Over the years, Texas has earned the reputation of being friendly. In fact, the state gets its name from the Tejas Indians, meaning friends. Well across the other side of the world, Denmark also has a reputation for being a very happy nation. They are nominated year after year as the happiest people on earth. Many contribute this happiness to the Danish philosophy of hygge (pronounced “hyoo guh”). There is no simple translation of the word, but instead it conveys a feeling of cozy, comfort, and contentment. Some believe that the word originates from the Danish word hugga, which means to embrace or comfort. Therefore, it is a natural step for friendly Texans to embrace the concept of hygge in their homes and lives.
We probably wish photos of our homes could grace magazines. Many times the decor is lovely; however, the photographs are cold and uninviting. Hygge design will impart the coziness and warmth into your decor making people want to stay, put their feet up, and enjoy the ambience. Your home will invite people to live and enjoy themselves. They say hygge is a state of mind that focuses on our senses. Let’s look at three easy ways to incorporate hygge into your home by focusing on sight, smell, and touch.
Lighting is a great way to make our homes feel cozy and warm. Layering light sources is a hygge secret. Therefore, do not rely on bright overhead lighting. Instead use lamps that shine with warm light like soft white bulbs. Lighting candles can also add a warm glow to your room. During the colder months of the year, light a fire to cast a warm glow into your living area. Incorporate fairy lights or string lights into your design. Perhaps this explains why Christmas time creates such fond family memories with the combination of the lights from the tree and a beautiful fire crackling and dancing in the fireplace. It appeals to our sense of sight.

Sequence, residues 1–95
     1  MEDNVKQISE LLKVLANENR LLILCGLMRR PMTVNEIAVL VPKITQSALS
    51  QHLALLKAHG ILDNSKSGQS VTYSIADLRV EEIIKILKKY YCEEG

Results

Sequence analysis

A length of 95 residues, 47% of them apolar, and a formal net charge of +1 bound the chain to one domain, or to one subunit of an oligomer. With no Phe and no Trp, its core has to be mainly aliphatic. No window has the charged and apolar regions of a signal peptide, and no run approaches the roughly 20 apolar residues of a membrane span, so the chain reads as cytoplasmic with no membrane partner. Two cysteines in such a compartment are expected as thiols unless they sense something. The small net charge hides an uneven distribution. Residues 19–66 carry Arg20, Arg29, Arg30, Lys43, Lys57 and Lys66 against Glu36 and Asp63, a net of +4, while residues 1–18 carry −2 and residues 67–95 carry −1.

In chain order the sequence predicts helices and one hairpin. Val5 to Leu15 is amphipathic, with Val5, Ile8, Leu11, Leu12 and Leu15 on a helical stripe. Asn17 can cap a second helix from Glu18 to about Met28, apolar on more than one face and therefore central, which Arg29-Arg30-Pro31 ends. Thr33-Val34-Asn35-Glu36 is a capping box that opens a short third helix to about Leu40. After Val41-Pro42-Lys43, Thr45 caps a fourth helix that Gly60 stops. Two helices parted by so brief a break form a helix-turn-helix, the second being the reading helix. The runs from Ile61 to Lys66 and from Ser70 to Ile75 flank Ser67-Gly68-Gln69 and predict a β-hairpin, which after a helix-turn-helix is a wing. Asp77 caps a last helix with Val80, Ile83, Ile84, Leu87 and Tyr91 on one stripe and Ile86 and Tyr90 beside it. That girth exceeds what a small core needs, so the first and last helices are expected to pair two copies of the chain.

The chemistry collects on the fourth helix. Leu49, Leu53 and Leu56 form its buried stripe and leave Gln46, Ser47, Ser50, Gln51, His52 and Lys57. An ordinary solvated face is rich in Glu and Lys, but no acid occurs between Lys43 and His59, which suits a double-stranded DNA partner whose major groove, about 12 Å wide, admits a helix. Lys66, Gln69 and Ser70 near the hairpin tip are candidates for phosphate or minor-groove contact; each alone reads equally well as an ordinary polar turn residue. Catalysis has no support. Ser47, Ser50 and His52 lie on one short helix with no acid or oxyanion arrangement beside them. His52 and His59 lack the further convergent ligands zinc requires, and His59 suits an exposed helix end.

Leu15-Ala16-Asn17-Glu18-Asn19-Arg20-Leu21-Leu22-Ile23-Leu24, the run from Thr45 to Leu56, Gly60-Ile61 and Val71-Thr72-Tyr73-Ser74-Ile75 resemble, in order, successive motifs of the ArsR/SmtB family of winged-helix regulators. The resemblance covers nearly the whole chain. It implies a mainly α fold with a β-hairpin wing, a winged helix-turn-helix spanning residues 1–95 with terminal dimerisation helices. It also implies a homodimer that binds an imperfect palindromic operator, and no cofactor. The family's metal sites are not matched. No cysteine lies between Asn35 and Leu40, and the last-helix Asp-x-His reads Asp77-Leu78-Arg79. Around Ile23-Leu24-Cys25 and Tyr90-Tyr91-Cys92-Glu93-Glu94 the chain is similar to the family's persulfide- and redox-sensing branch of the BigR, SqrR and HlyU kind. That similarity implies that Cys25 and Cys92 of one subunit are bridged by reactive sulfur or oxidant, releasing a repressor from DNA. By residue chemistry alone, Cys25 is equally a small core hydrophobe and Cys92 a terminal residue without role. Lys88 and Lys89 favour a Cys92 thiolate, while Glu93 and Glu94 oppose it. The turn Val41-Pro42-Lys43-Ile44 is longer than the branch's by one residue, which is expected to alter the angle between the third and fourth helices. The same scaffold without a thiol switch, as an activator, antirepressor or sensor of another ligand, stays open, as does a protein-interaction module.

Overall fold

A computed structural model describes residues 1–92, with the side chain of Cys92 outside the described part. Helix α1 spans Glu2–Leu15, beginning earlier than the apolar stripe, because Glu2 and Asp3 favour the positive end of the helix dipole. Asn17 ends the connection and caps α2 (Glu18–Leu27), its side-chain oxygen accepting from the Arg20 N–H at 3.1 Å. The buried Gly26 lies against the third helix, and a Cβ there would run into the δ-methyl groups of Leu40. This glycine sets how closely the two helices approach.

In the movie, Leap Year, Amy Adams plays the part of a home stager. She instructs a home owner to bake some cookies just before the open house begins and promises that he will have offers on the property that day. Our sense of smell plays a role in whether we want to be somewhere or not. Baking cookies or bread, lighting scented candles, diffusing essential oils are all examples of making our homes hygge. You probably have done things like this for years instinctively without knowing it was part of a hygge philosophy.
Being mindful of texture when designing your room decor helps appeal to one’s sense of touch. In hygge, textures change as the season do. For example, you would not layout a heavy, knitted blanket over your couch for people to snuggle under in the heat of the summer. However, it would feel luxurious and cozy during the winter months. Since we are in the fall and looking forward to winter, break out the soft throw pillows, warm blankets, and make your living area cozy.
There are obviously other ways to incorporate hygge style into your home as there are other senses that we have not addressed. If you are interested in reading more about the hygge philosophy, Lake Homes Realty has an article specifically for lake homes. In addition I enjoyed the article by Decorilla; it has great tips. We all want to be hospitable and friendly to our family and guests. In Texas, we know how to show Southern hospitality and friendliness, therefore, intentionally adding some hygge to our home decor will take our hospitality to another level. Embrace the concept of hygge and your family and guests will see, smell, and feel the love.